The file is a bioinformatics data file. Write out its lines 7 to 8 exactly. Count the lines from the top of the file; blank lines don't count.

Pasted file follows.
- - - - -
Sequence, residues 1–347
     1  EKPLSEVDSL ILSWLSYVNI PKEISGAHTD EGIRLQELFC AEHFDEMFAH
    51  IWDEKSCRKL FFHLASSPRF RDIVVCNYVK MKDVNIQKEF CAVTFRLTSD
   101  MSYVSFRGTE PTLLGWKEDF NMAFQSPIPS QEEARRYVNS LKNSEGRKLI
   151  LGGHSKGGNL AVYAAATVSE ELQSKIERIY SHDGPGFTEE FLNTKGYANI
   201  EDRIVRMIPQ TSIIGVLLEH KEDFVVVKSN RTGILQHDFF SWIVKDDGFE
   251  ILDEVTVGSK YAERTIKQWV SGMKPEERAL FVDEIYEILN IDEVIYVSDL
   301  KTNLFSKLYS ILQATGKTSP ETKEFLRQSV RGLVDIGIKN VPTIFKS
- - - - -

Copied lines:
   251  ILDEVTVGSK YAERTIKQWV SGMKPEERAL FVDEIYEILN IDEVIYVSDL
   301  KTNLFSKLYS ILQATGKTSP ETKEFLRQSV RGLVDIGIKN VPTIFKS